Television series are often judged by their series finale, for better or worse. Here at 25YL, we’re going to be looking at both the best and worst finales and what made them so great…or not so great, in our “Art of the Finale” series. Got a finale, for better or worse you think should make the list? Be sure and let us know!
How does one make a television series finale so bad that even the most dedicated weekly viewers of the series can’t defend it? Ask Scott Buck, co-writer of the Dexter series finale and the showrunner for the series final three years. Before I sat down to watch this truly terrible series finale again for this article, I hadn’t seen this episode since its original airing, and I had forgotten most of the details of not only the final episode but the final season in general. I had put up a Dexter mental block, remembering only the good times a.k.a. the first four seasons, when Clyde Phillips was the showrunner. Couldn’t they have just ended with the Season 4 finale instead of ruining four outstanding years of television with four bad ones after? I digress. Let’s “Remember the Monsters.”
I’m going to spend a vast majority of this article talking about everything that was wrong about this episode, but I’ll start off by giving it one bit of credit: Dexter Morgan had an impressive set of obstacles in his way to start Dexter‘s final hour. They set the table well with an impending storm, a bounty hunter hot on the trail of Dexter’s girlfriend, Deb being shot and a killer on the loose that Dexter would surely want before escaping the country with his girlfriend Hannah and his son, Harrison. Many good to great finales have a series of pitfalls designed for their main character to either triumph over or be thwarted by and Dexter surely would have to be on his A game to overcome the stacked odds against him. (End of nice things I’ll be saying).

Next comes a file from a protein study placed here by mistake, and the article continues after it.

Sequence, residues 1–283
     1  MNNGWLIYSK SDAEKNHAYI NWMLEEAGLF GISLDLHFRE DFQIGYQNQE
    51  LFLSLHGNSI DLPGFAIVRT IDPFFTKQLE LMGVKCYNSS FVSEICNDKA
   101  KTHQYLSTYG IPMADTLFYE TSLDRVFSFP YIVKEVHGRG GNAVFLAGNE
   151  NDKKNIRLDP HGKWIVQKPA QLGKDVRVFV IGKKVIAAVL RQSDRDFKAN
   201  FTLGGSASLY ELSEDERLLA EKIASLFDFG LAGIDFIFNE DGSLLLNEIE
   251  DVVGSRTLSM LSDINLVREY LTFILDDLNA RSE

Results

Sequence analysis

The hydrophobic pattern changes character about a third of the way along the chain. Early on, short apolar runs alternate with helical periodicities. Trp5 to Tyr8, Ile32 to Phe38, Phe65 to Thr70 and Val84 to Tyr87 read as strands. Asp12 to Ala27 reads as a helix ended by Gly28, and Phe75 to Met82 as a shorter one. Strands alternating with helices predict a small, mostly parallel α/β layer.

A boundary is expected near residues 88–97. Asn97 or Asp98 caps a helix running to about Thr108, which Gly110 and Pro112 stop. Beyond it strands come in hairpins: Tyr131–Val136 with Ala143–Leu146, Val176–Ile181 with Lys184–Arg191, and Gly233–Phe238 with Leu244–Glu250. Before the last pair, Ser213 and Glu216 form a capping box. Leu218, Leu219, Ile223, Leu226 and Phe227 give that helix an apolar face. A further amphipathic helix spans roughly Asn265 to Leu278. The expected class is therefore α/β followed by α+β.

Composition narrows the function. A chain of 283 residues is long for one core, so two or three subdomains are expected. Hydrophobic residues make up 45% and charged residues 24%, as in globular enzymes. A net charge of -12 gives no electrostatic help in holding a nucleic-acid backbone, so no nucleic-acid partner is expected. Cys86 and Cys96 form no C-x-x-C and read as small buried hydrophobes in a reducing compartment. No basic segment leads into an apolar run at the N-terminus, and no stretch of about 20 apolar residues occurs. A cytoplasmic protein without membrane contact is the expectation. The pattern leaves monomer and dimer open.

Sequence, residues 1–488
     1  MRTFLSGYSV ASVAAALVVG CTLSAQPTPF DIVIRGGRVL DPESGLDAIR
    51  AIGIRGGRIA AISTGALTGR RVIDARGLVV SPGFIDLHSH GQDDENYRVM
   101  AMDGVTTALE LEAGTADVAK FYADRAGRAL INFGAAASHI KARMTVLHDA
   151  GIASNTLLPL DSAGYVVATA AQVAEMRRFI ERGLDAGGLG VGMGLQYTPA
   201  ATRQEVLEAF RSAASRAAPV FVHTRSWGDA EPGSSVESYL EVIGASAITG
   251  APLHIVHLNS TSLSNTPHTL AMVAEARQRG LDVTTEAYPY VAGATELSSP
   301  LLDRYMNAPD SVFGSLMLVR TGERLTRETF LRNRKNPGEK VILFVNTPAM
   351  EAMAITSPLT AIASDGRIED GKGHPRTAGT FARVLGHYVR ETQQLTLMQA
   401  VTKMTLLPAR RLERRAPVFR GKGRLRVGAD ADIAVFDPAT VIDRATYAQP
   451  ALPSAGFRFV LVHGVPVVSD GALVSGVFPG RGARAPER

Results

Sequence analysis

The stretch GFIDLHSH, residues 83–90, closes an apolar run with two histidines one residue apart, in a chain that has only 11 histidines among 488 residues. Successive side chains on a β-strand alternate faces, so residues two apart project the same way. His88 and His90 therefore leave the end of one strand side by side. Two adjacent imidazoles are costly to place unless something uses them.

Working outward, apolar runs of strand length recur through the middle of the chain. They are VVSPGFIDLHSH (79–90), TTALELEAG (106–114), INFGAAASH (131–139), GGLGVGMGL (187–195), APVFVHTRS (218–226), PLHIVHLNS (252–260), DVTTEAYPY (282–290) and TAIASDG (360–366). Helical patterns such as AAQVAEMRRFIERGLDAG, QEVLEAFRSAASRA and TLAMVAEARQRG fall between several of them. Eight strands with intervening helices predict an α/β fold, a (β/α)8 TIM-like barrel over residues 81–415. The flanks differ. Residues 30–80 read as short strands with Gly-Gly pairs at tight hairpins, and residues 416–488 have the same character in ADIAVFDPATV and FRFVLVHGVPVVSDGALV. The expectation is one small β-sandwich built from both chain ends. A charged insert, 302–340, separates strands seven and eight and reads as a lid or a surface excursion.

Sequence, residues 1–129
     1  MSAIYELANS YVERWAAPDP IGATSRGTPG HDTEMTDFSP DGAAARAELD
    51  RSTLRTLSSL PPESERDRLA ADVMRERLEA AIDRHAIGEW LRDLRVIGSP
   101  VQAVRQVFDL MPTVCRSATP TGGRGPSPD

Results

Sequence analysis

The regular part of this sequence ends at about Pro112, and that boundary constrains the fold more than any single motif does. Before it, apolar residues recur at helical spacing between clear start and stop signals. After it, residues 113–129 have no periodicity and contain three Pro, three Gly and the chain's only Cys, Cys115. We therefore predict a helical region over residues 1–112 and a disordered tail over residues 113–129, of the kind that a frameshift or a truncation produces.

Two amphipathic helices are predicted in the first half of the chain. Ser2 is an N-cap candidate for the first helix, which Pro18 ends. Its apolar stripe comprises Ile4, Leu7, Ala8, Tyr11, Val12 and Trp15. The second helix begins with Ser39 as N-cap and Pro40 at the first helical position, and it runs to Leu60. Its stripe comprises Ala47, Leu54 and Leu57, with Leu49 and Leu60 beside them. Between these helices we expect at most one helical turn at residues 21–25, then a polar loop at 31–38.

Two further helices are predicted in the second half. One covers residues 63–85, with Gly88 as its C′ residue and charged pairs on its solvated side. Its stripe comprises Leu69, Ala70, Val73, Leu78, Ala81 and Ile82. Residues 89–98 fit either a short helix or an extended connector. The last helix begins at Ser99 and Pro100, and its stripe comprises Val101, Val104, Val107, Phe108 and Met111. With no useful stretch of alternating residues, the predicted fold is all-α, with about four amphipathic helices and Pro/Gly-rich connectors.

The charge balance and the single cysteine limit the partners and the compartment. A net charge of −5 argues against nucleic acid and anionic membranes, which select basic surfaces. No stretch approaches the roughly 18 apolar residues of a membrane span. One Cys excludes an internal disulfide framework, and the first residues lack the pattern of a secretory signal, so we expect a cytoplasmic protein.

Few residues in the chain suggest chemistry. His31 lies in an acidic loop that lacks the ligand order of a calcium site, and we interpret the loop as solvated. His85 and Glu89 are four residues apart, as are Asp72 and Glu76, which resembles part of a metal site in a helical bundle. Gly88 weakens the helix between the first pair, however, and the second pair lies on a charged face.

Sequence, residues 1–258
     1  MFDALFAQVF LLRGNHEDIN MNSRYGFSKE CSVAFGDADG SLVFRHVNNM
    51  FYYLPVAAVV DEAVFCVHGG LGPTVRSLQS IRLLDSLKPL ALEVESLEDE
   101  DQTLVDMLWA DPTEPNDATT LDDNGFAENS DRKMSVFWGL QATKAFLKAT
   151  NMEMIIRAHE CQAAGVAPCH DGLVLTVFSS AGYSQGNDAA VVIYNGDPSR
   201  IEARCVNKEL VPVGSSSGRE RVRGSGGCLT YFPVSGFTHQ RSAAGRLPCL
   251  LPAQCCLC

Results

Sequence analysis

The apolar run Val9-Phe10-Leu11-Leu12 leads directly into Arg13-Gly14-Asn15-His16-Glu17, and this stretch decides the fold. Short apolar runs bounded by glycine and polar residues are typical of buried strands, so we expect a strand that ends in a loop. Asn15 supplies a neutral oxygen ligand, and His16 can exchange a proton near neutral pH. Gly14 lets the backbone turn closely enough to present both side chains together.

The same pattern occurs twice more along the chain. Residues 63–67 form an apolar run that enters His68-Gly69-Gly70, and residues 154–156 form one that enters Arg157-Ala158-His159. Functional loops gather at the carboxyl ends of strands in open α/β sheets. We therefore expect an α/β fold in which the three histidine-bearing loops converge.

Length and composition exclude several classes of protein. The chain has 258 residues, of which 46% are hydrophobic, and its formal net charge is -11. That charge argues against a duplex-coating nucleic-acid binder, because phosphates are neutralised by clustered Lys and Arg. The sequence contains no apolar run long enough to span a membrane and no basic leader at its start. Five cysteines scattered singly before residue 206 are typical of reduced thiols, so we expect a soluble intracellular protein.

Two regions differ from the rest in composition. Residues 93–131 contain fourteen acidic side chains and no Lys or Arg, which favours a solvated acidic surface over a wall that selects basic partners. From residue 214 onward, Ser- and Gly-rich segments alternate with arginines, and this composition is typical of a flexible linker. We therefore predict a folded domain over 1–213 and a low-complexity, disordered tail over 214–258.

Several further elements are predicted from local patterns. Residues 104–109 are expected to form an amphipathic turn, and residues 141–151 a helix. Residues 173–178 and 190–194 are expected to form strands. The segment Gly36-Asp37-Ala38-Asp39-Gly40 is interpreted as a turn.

Now on to the many issues I have with this finale, let’s start with Dexter’s foe, Oliver Saxon. Maybe it’s because Dexter had such quality foes in year’s past, but the character didn’t feel like a threat to Dexter. He seemed more like a foe in a 3 episode arc that Dexter disposes of en route to whomever his ultimate enemy for the season would be. I had a really hard time buying that he made Dexter “remember who he was” or anything like that. Sure, he shot Deb, and that had an impact on Dexter but to attribute a complete turnabout in life plans to Saxon always felt very far fetched to me. He simply came off as generic when compared to some of Dexter’s previous opponents.
Most of this finale episode focused on how Dexter felt about his sister, whose life was hanging in the balance for most of the hour. No issue with that whatsoever, it made complete sense when taking the larger story into account. What doesn’t work here is the use of flashbacks and how that plays into Dexter’s decision-making process. After Dexter initially visits Deb in the hospital, Dexter begins a series of flashbacks to when his son Harrison was born, all involving Deb. We see brother and sister discussing how Dexter is now a father, and Deb is now an Aunt, how their lives will change because of this, how Dexter doesn’t feel prepared and his sister encouraging him. Deb tells Dexter that he will be a good father because he always protected her. Conventional wisdom says that these flashbacks would serve to tell us that now that he no longer has Deb to protect, Dexter would focus on his son and honor his sister’s memory by being the father she told him he could be. Instead, we see Dexter leave his son with his girlfriend, abandoning them in what came across as self-pity and childlike behavior and rationale—“Everyone around me gets hurt.” Dexter not being reunited with his son at the end of this episode made these flashbacks meaningless and also cheapened Deb’s death, which should have been the emotional climax of the series.